We’ve spent a lot of time of late discussing the inevitable public pension crisis that will eventually wreak havoc on global financial markets. And while the scale of the public pension underfunding is unprecedented, with estimates ranging from $3 – $8 trillion, there is another taxpayer-funded retirement benefit that has been promised to union workers over the years that puts pensions to shame…at least on a percentage funded basis.
Other Post-Employment Benefits (OPEB), like pensions, are a stream of future payments that have been promised to retirees primarily to cover healthcare costs. However, unlike pensions, most government entities don’t even bother to accrue assets for this massive stream of future costs resulting in $700 billion of liabilities that most taxpayer likely didn’t even know existed.
As a study from Pew Charitable Trusts points out today, the average OPEB plan in the U.S. today is only 6.7% funded (and that’s if you believe their discount rates…so probably figure about half that amount in reality) and many states around the country are even worse.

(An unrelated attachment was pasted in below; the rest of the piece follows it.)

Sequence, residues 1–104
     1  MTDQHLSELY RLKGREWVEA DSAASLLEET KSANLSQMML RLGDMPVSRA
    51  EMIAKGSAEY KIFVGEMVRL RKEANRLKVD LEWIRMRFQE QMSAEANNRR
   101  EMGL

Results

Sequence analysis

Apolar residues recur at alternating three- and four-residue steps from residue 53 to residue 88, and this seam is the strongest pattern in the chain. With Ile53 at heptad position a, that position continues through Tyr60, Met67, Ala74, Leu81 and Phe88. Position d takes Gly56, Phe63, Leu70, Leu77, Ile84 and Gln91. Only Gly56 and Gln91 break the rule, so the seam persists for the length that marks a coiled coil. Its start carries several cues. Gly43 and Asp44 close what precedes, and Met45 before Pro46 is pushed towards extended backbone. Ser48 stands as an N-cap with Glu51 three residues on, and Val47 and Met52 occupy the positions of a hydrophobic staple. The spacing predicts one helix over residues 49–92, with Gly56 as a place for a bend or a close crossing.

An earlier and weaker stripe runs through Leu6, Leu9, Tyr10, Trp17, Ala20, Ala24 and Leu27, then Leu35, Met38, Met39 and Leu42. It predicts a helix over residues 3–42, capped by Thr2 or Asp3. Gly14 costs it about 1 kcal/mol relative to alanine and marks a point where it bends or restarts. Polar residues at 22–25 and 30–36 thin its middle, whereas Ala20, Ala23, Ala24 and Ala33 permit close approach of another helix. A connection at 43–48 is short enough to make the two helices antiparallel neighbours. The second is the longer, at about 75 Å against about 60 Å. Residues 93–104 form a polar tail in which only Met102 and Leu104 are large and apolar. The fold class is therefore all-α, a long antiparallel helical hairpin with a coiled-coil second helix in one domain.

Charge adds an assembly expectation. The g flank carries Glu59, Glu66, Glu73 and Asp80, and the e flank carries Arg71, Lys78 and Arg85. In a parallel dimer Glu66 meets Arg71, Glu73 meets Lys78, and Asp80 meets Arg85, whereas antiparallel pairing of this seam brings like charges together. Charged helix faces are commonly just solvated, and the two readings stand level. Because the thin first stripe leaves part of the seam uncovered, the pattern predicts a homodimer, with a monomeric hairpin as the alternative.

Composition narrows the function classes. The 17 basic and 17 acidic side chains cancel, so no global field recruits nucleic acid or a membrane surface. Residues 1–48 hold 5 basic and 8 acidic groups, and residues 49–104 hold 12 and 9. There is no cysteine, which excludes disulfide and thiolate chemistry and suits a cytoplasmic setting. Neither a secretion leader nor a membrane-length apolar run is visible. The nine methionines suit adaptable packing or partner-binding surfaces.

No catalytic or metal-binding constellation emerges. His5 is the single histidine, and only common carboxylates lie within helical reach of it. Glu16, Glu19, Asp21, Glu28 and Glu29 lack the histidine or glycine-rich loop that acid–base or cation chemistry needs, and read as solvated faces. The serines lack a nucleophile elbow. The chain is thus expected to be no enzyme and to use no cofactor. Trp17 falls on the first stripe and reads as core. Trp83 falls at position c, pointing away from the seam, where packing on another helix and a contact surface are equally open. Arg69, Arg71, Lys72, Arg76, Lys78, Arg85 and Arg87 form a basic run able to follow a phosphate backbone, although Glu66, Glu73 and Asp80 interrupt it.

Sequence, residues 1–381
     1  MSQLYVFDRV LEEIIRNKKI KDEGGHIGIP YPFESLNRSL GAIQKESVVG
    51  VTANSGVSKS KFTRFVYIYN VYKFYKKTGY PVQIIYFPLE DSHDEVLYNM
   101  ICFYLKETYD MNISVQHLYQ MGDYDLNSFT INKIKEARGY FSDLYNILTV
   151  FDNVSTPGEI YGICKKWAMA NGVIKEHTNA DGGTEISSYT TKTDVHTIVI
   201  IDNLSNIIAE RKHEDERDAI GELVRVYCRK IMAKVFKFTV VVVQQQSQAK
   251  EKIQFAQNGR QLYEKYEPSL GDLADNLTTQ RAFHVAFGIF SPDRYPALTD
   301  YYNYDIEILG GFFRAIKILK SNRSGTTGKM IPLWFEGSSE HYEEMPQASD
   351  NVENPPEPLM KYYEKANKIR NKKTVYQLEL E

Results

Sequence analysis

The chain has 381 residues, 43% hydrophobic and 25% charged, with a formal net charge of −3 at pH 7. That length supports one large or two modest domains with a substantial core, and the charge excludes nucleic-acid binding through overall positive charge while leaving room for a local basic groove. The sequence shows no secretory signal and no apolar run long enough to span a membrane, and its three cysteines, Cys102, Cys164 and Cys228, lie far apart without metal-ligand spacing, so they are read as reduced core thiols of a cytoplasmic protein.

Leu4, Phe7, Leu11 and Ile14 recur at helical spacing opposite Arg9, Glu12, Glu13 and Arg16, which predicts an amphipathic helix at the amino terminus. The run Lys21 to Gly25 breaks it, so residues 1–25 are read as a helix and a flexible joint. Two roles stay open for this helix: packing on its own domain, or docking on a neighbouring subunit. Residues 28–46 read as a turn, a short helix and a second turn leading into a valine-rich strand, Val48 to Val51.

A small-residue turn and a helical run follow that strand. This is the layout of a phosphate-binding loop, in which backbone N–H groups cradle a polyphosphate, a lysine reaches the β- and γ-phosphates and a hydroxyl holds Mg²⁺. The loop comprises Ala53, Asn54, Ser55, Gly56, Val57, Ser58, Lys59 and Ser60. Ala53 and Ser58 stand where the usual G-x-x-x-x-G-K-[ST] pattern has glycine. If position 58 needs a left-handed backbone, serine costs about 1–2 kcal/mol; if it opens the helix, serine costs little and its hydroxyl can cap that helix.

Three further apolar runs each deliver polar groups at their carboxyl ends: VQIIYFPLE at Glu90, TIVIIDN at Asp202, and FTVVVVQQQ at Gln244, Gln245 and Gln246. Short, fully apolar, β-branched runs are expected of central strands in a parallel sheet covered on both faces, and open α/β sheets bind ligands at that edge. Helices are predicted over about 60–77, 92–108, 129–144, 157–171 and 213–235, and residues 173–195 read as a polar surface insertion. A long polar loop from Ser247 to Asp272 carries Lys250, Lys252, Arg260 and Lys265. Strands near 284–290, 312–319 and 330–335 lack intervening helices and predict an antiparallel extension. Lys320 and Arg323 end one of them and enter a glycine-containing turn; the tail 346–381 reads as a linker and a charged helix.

States paid a total of $20.8 billion in 2015 for non-pension worker retirement benefits, known as other post-employment benefits (OPEB). Almost all of this money was spent on retiree health care. The aggregate figure for 2015, the most recent year for which complete data are available, represents an increase of $1.2 billion, or 6 percent, over the previous year. The 2015 payments covered the cost of current-year benefits and in some states included funding to address OPEB liabilities. These liabilities—the cost of benefits, in today’s dollars, to be paid in future years—totaled $692 billion in 2015, a 5 percent increase over 2014.
In 2015, states had $46 billion in assets to meet $692 billion in OPEB liabilities, yielding a funded ratio of 6.7 percent. The total amount of assets was slightly higher than the reported $44 billion in 2014, though the funding ratio did not change. The average state OPEB funded ratio is low because most states pay for retiree health care benefits on a pay-as-you-go basis, appropriating revenue annually to pay retiree health care costs for that year rather than pre-funding liabilities by setting aside assets to cover the state’s share of future retiree health benefit costs.
State OPEB funded ratios vary widely, from less than 1 percent in 19 states to 92 percent in Arizona. As Figure 1 shows, only eight have funded ratios over 30 percent. These states typically follow pre-funding policies spelled out in state law. Many of them also make use of the expertise of staff from the state pension system to invest and manage plan assets.
Looking at the problem on a relative basis, you find that several states have accrued net OPEB liabilities totaling in excess of 10% of the personal income generated within their borders.